Wednesday, 10 October 2012
Adulterated food: a serious public health problem in Bangladesh
Adulteration of food with toxic chemicals harmful to health has reached an epidemic proportion in Bangladesh. The newspapers have dubbed it as the ‘silent killer’. It is very difficult to find a sector of food industry which is free of adulteration. From raw vegetable and fruits to milk and milk products to fish, meat and processed food–every food item is contaminated. Almost every day in the news papers, newer and newer methods of adulterating newer and newer types of foods are reported. Carbide, formalin, textile colours, artificial sweeteners, DDT, urea etc. are used rampantly for this purpose.
Contamination of foods with toxic chemicals pose a serious threat to public health, especially in a country like Bangladesh where due to poor health literacy, level of awareness is very low. Immediate effect of ingestion of such foods may be severe forms of diarrhoea (food poisoning), threatening life. In the long run, these chemicals in food adversely affect vital organs such as the liver and kidney resulting in organ failure and/or cancer and thus, untimely loss of life. There is no database in the country for these, but the recent surge in liver and kidney failure patients in the hospitals is indicative of the deteriorating situation.
Ironically, people from all walks of life is aware of the hazards of taking foods adulterated with toxic chemicals, but this knowledge is not translated into practice. In a recent study, it has been found that though people are aware about the health hazards, they are nevertheless buying and consuming these adulterated foods. Several explanations are made for this paradox; absence or unavailability of non-adulterated food, failure of the regulatory agency to test and screen out adulterated food, adulterated foods are attractive in appearance and costs less, cultural factors and food habits etc.
There is no paucity of laws and regulations to contain adulteration of food in Bangladesh such as Bangladesh Standard Testing Institute (BSTI) Ordinance of 1985, and the Pure Food Ordinance of 2005. Under the purview of these rules come the following offences: fake licenses, poor quality of food, substandard infrastructure and lack of maintaining hygiene, food adulteration, food impurity, incorrect information on food packages, selling products whose date have expired etc. However, the problem lies in its sustained and appropriate implementation by credible authority. Occasionally, the regulatory authorities will be suddenly in an active mode, and conduct mobile courts to penalize sellers/producers for selling contaminated products/foods. Then, there will be a lull for a few days and after few weeks, business becomes as usual.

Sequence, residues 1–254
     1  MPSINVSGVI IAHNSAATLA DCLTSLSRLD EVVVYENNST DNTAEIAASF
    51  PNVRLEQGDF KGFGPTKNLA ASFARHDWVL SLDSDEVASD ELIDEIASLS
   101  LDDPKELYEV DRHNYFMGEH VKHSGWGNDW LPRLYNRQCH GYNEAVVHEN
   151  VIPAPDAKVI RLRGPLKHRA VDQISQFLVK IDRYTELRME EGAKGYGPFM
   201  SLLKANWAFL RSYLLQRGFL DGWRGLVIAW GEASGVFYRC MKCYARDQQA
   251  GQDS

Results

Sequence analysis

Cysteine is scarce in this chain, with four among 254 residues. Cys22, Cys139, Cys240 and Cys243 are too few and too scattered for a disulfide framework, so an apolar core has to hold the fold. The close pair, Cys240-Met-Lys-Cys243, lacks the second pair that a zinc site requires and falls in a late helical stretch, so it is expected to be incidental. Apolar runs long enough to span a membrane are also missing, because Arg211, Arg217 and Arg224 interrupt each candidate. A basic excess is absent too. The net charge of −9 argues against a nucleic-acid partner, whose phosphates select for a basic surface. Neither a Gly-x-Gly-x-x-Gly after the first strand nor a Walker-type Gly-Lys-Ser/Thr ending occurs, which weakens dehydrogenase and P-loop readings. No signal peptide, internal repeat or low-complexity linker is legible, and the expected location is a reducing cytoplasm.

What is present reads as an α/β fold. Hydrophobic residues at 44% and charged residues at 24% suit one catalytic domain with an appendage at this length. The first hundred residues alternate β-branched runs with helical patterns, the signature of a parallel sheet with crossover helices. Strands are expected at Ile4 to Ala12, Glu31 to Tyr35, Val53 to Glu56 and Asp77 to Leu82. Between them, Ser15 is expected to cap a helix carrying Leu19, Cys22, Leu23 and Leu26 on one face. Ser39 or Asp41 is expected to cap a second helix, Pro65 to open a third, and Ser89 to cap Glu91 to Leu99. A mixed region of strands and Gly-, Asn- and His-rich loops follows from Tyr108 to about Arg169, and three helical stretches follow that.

So what is to be done?
First and foremost, commitment from the political establishment to wage a sustained campaign against these perpetrators of heinous crime, and establish our fundamental right to have safe and nutritious food! For this to achieve, relentless enforcement of existing laws with the execution of highest penalty possible, awareness-building campaign among consumers, promotion of ethical practices among the business community with active involvement of the business leaders, and capacity development of public health labs to test food items for adulteration on the spot are needed. The consumer rights groups should be more vocal and play active role in developing a mass campaign/movement in the country
Safe and unadulterated food is out human right!...Let’s work together to achieve this.
Hossain et al. (2008). Consumption of foods and foodstuffs processed with hazardous chemicals: a case study of Bangladesh. International Journal of Consumer Studies 32: 588–595.
Huda et al. (2009). An enquiry into the perception on food quality among urban people: a case of Bangladesh. African Journal of Business management 3: 227-232.